Glutaric acidemia type 1 (GA1) is an autosomal recessive inherited metabolic disorder caused by pathogenic variants in the GCDH gene. The prevalence is approximately 1:150,000 in newborns. The enzyme glutaryl-CoA dehydrogenase is involved in the degradation of the amino acids L-lysine, L-hydroxylysine and L-tryptophan. Decreased enzyme activity leads to accumulation of glutaric acid produced in the metabolic pathway, which cannot be further degraded. Increased levels of glutaric acid (GA), 3-hydroxyglutaric (3-OH-GA), glutaconic acid, and glutarylcarnitine in blood and urine are characteristic. If the disease remains undiagnosed and untreated, an encephalopathic crisis with striatal lesions and severe dystonic-dyskinetic movement disorder will occur in the first 3–36 months. In the absence of a crisis, dystonia gradually develops in children over 6 years of age. Approximately 75% of patients have macrocephaly.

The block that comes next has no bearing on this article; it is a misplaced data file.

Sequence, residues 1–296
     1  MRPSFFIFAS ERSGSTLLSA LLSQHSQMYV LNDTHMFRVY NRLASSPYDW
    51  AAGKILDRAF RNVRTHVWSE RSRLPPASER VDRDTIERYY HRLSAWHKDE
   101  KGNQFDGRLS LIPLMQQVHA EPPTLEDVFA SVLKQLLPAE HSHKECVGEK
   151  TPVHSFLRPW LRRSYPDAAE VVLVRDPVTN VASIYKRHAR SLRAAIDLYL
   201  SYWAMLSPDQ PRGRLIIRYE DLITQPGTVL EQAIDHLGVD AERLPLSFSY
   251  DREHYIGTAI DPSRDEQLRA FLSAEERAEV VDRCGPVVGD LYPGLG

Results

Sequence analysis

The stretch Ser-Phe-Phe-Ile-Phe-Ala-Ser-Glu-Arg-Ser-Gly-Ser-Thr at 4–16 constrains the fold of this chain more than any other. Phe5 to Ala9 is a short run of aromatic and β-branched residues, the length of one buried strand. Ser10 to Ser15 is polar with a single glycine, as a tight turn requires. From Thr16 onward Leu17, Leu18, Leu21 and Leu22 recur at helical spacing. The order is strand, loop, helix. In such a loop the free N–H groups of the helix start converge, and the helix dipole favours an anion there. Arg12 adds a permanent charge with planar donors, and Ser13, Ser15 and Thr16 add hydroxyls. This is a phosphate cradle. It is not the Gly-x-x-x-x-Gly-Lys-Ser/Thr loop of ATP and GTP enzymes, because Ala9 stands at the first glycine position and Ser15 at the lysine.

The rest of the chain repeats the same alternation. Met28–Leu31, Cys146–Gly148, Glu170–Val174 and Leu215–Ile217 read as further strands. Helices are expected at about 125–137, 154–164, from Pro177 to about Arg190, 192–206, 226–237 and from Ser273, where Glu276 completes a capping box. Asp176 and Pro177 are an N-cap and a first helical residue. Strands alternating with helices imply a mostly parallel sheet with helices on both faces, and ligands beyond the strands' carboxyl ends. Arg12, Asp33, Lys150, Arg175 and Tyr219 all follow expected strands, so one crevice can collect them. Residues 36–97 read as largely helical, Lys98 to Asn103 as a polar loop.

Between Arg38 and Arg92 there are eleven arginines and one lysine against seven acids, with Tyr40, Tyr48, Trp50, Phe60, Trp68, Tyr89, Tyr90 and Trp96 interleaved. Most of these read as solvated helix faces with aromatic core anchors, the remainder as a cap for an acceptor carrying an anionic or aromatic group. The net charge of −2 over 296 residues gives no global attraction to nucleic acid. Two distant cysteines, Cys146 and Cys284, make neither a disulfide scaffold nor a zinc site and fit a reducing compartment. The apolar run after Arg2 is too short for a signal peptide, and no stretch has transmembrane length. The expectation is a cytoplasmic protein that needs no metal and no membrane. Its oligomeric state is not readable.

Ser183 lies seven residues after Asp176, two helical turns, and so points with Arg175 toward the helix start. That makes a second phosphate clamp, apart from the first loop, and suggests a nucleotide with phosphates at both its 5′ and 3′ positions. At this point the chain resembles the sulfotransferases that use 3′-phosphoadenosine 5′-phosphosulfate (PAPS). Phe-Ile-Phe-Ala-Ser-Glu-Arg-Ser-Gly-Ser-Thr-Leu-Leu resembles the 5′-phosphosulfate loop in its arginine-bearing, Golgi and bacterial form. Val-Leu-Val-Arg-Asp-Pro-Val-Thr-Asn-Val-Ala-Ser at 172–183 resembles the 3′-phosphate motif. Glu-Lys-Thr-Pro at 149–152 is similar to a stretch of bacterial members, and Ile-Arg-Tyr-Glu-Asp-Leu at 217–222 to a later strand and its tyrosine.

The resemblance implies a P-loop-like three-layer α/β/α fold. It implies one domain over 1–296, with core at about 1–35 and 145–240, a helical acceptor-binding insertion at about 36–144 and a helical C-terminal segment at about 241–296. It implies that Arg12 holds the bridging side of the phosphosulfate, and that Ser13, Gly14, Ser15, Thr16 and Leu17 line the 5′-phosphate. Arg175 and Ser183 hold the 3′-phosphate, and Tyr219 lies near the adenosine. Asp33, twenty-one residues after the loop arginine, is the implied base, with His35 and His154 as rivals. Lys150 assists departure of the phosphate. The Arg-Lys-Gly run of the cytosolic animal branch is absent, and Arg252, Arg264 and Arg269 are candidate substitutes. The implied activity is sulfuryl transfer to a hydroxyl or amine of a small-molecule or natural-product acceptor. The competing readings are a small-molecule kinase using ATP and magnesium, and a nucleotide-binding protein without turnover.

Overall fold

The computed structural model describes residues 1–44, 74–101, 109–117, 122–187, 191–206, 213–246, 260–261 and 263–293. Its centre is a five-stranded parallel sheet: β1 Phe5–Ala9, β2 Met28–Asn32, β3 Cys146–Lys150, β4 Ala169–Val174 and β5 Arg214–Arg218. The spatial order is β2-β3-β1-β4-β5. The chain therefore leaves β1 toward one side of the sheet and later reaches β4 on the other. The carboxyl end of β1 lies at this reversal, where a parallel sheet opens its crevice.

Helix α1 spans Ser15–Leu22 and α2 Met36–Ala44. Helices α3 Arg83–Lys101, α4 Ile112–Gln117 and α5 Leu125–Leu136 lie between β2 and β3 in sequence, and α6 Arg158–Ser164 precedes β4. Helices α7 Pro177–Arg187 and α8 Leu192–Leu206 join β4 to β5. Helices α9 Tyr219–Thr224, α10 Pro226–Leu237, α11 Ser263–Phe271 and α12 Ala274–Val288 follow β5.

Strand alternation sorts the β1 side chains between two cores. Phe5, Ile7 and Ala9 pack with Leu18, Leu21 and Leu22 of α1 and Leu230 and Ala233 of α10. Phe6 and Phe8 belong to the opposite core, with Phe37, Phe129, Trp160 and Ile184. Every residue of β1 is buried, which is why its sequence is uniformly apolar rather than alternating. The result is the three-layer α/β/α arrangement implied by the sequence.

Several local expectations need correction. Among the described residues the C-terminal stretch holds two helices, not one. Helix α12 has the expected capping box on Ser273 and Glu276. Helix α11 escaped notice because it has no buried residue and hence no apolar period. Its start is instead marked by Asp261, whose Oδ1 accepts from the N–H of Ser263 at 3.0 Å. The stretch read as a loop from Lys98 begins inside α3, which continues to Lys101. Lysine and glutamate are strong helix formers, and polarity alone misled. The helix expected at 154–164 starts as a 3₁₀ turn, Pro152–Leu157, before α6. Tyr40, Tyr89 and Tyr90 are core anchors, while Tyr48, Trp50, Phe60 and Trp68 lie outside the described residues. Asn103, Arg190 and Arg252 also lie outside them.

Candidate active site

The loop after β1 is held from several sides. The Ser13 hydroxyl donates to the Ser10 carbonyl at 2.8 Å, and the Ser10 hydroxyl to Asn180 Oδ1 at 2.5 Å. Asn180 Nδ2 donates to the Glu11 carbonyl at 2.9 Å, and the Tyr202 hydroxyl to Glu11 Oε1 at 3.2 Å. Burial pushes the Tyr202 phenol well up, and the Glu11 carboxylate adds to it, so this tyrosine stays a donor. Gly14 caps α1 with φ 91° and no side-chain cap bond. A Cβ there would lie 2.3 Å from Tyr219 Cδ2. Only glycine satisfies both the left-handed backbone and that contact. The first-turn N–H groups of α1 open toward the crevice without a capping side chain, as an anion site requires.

Diagnosis of glutaric acidemia type 1 is part of the newborn screening. If the findings are abnormal, the diagnosis can be confirmed by molecular genetics. With timely initiation of therapy (low lysine diet and carnitine administration), glutaric acidemia type 1 is considered treatable.
Leitlinie 027/018 "Glutarazidurie Typ I, Diagnostik, Therapie und Management", 2016